The value of drug-induced sleep endoscopy (DISE) is a topic that continues to be debated in otolaryngology, and experts took sides in a panel session held during the Triological Society Combined Sections Meeting, shedding light on the advantages and disadvantages of the procedure, as well as its efficacy in children with obstructive sleep apnea (OSA).
Explore This IssueMarch 2017
Jolie Chang, MD, assistant professor in the department of otolaryngology-head and neck surgery at the University of California San Francisco, said DISE, which involves a three-dimensional assessment of the airway during sedation that’s intended to mimic what happens during sleep, can be an asset in several ways. “It’s especially useful as a procedure for assessing the upper airway to determine surgical planning, candidacy for the hypoglossal nerve implant, and for surgical non-responders,” she said.
In comparisons with in-office awake exams, DISE has been found to be better at detecting more severe obstruction in OSA, particularly at the hypopharynx, and can pick up epiglottis obstruction that might not be seen in patients who are awake (Laryngoscope. 2013;123:2315-2318).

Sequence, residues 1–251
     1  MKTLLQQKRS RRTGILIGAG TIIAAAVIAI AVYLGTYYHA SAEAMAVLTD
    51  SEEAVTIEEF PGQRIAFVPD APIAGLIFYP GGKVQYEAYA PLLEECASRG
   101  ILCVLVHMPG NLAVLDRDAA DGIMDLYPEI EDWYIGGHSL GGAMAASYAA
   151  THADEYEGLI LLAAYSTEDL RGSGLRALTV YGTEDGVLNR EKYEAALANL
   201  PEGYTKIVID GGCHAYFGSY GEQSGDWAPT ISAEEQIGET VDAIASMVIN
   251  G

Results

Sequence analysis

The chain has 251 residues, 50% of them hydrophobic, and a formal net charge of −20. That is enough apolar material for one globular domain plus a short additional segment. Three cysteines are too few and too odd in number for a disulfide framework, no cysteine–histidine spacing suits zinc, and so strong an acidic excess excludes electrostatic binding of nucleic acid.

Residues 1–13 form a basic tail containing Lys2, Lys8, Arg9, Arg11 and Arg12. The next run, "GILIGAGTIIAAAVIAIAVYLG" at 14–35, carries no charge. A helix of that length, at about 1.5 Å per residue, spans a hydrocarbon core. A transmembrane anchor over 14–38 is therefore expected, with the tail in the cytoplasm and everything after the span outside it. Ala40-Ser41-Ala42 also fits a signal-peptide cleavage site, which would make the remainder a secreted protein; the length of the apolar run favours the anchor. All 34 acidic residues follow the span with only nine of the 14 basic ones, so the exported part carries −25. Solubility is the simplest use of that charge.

In a 2011 study of patients who had undergone uvolopalatopharyngoplasty (UPPP) but still had persistent sleep apnea, assessment with DISE found that half of these patients still had residual palate obstruction, and almost all had prominent hypopharyngeal obstruction (Laryngoscope. 2011;121:1320-1326). Furthermore, a more recent study found that DISE led to changes in surgical plans in half of cases, compared with plans made after the awake exam (Laryngoscope. 2016;126:768-774).
Cost Versus Outcomes
But David Steward, MD, professor of otolaryngology at the University of Cincinnati, Ohio, said the literature shows that DISE tends to lead to more procedures and more cost, without better results.
In a Level 1, randomized controlled trial, 39 patients selected for primarily palatal surgery by way of preoperative nasal pharyngoscopy were randomized to receive DISE and possibly additional procedures as a result. Both groups saw significant improvement in apnea-hypopnea index (AHI) and Epworth Sleepiness Scale (ESS) scores, but there were no significant differences between the groups. The DISE group was more likely to undergo additional procedures (Laryngoscope. 2015;125:2220-2225). “About 60% of patients had an additional procedure added, based on the sleep endoscopy, with no improvement in their outcomes,” Dr. Steward said.
Dr. Steward acknowledged there were findings that DISE led to changes in surgical plans but noted that there was no association found between outcome and the use of DISE (Laryngoscope. 2016;126:768-774).